Now, you may find some EOC classes with inclusion at the high school level but mostly you will see an "introductory" class where children are enrolled for two semesters for the gateway courses. The classes are overcrowded and still need both teachers in order to reach all students.

Anonymous said...

I pity the EC child in CMS who doesn't have a parent able or knowledgable enough to advocate on their behalf. I'll leave it at that. I don't believe children with severe disabilities should be mainstreamed into a regular classroom. The critical shortage of EC teachers across America is tragic. I think the practice of Inclusion is like the NCLB Act - wonderful in theory but not so much if there isn't enough money to effectively implement the law.

- Alicia Durand

Anonymous said...

ON the subject of EC children I have talked to a number of parents with EC children in CMS. ALL of the parents say that besides transportation issues (small) CMS does a AWESOME job with their children. The kids look forward to going to school and teachers really " adopt" the kids needs. The positive talk about this program from parents with children in it is HUGE. Good for CMS for a quality program. Keith W. Hurley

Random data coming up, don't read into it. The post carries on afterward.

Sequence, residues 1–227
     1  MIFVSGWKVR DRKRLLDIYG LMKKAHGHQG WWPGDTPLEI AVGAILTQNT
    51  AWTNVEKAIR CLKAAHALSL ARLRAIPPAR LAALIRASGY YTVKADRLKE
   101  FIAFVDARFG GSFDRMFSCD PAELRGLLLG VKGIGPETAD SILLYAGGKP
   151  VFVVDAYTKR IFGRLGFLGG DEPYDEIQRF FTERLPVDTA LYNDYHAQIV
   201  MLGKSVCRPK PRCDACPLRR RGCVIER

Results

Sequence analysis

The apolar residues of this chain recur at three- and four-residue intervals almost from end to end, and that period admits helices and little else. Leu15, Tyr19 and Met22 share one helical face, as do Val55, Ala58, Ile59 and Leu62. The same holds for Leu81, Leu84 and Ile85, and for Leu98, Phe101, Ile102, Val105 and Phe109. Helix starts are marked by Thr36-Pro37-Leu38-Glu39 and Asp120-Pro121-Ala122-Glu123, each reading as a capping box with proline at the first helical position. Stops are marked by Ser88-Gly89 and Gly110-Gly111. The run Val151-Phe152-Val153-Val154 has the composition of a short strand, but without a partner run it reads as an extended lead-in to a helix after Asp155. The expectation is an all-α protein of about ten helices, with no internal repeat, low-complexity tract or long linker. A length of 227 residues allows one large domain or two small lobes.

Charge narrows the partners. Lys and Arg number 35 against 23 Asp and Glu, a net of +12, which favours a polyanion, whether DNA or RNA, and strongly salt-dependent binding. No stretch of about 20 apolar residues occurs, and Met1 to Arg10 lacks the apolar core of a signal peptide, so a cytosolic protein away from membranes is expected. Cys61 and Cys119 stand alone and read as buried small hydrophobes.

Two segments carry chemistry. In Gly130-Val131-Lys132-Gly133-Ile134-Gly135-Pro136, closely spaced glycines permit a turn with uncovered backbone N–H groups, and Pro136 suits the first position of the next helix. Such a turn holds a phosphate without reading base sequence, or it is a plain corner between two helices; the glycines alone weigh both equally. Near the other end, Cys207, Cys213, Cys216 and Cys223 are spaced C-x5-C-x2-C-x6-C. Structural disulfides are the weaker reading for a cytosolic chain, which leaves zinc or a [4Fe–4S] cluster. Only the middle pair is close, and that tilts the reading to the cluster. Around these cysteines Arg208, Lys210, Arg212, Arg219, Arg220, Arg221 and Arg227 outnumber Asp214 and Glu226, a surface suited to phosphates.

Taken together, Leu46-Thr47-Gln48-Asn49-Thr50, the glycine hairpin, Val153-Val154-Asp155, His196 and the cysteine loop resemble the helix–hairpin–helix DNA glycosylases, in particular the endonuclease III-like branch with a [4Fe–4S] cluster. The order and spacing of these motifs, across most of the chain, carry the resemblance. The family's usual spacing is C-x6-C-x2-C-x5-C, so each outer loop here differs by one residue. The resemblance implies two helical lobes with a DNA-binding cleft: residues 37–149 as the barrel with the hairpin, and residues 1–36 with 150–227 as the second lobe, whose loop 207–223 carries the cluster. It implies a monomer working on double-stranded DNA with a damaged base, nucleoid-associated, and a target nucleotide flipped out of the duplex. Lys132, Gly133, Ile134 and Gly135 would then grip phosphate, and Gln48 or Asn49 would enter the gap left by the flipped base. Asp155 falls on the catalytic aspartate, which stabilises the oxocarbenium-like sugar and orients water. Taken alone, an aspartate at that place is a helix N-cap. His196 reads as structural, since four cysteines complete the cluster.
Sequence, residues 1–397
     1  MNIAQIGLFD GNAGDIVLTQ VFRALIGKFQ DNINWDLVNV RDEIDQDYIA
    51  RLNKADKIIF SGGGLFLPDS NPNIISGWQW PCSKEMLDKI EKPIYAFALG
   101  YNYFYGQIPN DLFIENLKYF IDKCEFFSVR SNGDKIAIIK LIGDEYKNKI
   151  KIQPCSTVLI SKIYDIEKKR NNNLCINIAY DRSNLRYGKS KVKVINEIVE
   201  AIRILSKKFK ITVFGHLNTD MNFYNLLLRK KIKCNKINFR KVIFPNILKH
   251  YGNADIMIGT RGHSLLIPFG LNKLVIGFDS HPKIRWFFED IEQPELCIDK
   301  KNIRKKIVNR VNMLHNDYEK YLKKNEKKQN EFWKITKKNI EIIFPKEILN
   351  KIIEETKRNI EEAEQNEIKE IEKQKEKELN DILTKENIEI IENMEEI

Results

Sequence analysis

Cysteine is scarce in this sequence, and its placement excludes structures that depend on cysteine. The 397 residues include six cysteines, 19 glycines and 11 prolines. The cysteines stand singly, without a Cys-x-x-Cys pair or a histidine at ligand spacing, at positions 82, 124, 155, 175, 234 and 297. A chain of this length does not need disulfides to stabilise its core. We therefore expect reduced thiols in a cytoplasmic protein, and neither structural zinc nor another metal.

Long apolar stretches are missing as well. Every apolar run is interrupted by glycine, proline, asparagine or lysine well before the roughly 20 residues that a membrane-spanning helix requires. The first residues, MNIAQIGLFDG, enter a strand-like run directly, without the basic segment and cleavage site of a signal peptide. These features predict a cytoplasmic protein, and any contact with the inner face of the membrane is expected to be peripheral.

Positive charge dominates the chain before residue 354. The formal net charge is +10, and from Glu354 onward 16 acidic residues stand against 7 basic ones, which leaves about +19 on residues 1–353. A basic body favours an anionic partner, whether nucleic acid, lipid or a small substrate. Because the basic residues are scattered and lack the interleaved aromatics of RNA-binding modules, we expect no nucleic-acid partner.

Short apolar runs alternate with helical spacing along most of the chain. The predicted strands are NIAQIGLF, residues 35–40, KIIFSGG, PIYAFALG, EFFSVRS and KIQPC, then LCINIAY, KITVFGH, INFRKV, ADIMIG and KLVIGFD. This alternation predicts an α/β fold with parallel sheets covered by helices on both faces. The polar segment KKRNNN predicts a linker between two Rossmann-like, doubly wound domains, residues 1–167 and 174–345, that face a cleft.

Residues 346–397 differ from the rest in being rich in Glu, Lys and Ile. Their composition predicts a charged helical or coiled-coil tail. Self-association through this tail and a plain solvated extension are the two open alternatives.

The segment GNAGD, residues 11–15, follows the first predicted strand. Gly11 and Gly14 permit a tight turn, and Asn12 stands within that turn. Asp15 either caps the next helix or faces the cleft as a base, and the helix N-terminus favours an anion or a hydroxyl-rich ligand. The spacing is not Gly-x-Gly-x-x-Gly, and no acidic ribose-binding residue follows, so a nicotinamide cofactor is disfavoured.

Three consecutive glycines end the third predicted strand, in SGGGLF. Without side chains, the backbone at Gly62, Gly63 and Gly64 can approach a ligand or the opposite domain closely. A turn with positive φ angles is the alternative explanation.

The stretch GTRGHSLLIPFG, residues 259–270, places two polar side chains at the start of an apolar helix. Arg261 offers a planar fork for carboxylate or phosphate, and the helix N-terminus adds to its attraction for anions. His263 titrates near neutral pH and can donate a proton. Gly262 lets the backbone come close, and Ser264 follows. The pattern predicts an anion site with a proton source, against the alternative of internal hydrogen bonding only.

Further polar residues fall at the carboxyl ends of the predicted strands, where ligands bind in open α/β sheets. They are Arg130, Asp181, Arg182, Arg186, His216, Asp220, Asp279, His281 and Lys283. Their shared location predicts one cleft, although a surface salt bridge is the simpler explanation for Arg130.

Anonymous said...

6:08 - Ann

Based on personal experience "I agree". However, I can't comment if things have gotten any better. I don't know. What I do know is that students with disabilities are supposed to receive an education that meets their specific or "individual" needs. A shortage of EC teachers puts unrealistic expectations and burdens on regular classroom teachers that even Superwoman couldn't meet. No teacher can adequately meet the "individual" needs of 20 plus students in a classroom assuming some kids have the ability to attend Harvard and others are struggling with dyslexia.

- Alicia Durand

Anonymous said...

Keith H.,

CMS can and does do a great job with EC kids. However, as I stated, God help the EC kid who doesn't have a strong parent advocate. Having a learning or physical disability is a lifelong struggle. It's a K -12 and beyond adaptation. It makes me furious when our education system, and especially ignorant parents, lump all EC kids into one category - or box. Charles Schwab and numerous other people in American history have struggled with learning and physical disabilities. The jury is still out on Dr. Morrison, but somehow he made it to Charlotte despite academic obstacles. I don't buy the CMS does an "AWSOME" job with "ALL" EC kids! Bull Cr-p. No it does not.

- Alicia Durand

Anonymous said...

Alicia , I agree with your first post which your second one conflicts. I would not expect kids with EC program in class with "Harvard bound" students. I agree that is not help to either of the kids. Keith W. Hurley

Anonymous said...

Keith H,